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A June Visit to Maddin Prairie

Maddin Prairie Preserve is our largest and westernmost prairie. I have been going out there every six weeks or so for several years, as a volunteer, and lately as staff. No matter when I go, there is always work to do and nature to study. This year is no different. ~Kirsti Harms

Kelly Walker in action.

Nature studies.

Tom Willard and Kelly Walker came out to volunteer. In addition to work, we always spend time being naturalists on the property. The weather was very nice for June—perfect for camping and not too hot for work and hiking. Got to see the moons of Jupiter. This rainy year has kept things green and blooming. Lots of insects, especially grasshoppers. Kelly is posting a growing number of butterfly and insect photos to iNaturalist (Maddin Prairie is a project on iNat). A visitor, Charleston Shirley found a beautiful ringneck snake, which may be a county record. (Then again, Mitchell County is a very unstudied area.) Lots of Texas horned lizards and other reptiles were on the move. Northern Bobwhite were calling, as were the Cassin’s sparrows. We’ve had a great year for Grasshopper and Lark Sparrows too.

Charleston Shirley and one of our many lubbers.

The Task List.

TPWD LIP grant for mesquite control.  Our Landowner Incentive Program work needed to be completed this month. In mid May I was joined by four contractors to apply basal bark herbicide treatments to two mesquite thickets that are encroaching on our restored grasslands. I spent two days this week making another round on some areas that we missed. That’s about all we can do this summer. I think we made a dent in both thickets, though the back pasture wants to turn into a forest.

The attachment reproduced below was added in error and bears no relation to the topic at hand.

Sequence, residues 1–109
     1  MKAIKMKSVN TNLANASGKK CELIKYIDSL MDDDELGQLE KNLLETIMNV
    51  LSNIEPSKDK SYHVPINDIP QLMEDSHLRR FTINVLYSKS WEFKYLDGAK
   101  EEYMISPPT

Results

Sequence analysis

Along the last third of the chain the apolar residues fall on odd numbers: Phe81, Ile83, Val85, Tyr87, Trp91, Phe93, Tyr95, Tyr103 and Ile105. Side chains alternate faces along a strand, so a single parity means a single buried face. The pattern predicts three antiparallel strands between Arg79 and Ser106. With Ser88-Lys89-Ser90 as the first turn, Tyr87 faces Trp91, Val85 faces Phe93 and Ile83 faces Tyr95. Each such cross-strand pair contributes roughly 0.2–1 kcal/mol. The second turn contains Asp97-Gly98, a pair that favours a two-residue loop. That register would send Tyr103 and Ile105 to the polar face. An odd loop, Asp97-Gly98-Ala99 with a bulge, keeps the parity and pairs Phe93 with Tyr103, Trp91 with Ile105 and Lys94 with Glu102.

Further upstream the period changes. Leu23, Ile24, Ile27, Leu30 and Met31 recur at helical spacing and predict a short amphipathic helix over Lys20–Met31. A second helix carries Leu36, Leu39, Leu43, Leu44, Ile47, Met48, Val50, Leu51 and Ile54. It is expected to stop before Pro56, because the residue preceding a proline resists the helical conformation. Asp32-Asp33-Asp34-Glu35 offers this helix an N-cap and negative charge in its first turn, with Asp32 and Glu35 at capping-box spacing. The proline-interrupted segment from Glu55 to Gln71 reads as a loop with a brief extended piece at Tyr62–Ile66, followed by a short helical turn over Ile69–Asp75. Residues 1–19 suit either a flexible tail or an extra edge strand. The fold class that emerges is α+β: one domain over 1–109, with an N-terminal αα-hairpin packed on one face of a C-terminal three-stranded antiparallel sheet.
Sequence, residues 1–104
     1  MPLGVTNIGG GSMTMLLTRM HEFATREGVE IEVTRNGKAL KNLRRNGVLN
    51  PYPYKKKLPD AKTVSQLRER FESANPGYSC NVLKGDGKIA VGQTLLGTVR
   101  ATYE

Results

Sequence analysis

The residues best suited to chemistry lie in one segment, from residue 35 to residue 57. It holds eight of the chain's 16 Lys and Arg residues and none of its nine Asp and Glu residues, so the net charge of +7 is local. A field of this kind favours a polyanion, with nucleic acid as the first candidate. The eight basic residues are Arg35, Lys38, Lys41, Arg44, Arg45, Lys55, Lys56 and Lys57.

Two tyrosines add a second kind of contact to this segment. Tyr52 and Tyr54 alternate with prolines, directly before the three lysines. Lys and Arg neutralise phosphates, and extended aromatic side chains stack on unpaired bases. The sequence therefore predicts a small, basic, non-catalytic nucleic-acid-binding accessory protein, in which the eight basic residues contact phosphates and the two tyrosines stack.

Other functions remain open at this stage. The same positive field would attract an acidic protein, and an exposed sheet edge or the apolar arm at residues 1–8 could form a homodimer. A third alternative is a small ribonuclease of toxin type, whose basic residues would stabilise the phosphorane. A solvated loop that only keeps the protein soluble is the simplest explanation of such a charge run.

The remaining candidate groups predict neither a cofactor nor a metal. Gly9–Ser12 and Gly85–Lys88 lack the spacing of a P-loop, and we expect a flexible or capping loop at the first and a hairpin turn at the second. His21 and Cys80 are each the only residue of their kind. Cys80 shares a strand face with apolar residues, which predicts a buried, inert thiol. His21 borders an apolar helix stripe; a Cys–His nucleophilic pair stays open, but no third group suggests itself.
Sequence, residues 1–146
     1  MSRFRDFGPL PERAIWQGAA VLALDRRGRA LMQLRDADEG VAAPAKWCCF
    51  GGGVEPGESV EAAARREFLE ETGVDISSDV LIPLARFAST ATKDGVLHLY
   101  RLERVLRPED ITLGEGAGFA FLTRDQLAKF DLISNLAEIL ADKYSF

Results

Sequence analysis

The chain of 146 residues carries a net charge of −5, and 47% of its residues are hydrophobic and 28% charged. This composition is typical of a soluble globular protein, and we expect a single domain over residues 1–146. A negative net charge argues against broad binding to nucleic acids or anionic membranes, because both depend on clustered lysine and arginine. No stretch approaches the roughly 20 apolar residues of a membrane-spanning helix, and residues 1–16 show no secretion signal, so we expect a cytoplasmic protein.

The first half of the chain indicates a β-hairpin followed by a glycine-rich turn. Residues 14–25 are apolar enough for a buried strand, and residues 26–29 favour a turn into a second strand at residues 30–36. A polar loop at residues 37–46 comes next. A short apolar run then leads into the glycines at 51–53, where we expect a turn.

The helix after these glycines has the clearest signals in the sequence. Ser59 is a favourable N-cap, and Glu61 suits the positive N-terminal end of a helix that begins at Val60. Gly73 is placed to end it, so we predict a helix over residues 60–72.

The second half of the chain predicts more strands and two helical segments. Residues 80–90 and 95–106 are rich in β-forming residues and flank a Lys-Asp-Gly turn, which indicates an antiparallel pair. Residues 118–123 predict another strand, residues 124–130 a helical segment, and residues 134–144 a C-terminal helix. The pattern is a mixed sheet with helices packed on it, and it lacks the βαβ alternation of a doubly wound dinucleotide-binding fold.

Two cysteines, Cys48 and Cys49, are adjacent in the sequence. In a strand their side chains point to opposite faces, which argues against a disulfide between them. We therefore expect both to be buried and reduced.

I left supplies and gear for use on ongoing mesquite control. It would be more effective (and less exhausting) if we treated them on a regular basis and caught the trees while they were still pretty small.

One of the many grasshoppers.

Maddin Prairie dog colony. Tom and Kelly spent time mowing and cutting brush at the prairie dog town. This is not usually necessary, but all the rain this year has caused the mesquite, catclaw acacia and a tall plantain species to shoot up. (The prairie dogs don’t seem to like this plant.) We were concerned that it was hurting their sight line. We’ve had problems come up before during very rainy growing seasons. We’ll keep monitoring this. Tom said he saw a good number of active burrows, so I feel a bit less worried.

There were lots of spiders too. This one set up shop on my ice chest handle.

Fence fixing. The fence across the creek was down again, probably due to another flood event. Luckily, the last repair was done in a water-gap fence style. So Tom and Kelly were able to wire it back together. There were signs of cattle having come through again. Didn’t see any wandering around though.

This lovely was the star of the day: a prairie ringneck snake!

The roads. Because of all the rain, our roads are very overgrown. They are still driveable, but we have to go slow. One major reason is our horned lizards. They like the roads too and are kind of slow moving. The riding mower battery seems to be completely dead, so mowing has been delayed again. I will shop for a new battery, cross my fingers that it’s the only thing wrong with the mower, and try to start that thing up on the next trip.

A feral hog skull found in the creek area. Probably from the management hunt in March.

Water troughs. Fixing the broken irrigation pipes to fill these troughs is another looming project. But for now, I’m hauling water to our two wildlife water troughs, 35 gallons at a time. Luckily it’s been cooler and rainier than normal, so they aren’t drying out so fast. Need to get my hands on a soldering gun hot enough to soften a thick HDPE pipe…

We have a great view of the sky on our hilltop. This was a faraway storm.

Then I rested. I guess all this may be the reason I felt so tired today. Anyone interested in visiting or volunteering can contact Kirsti Harms. We can always use the help!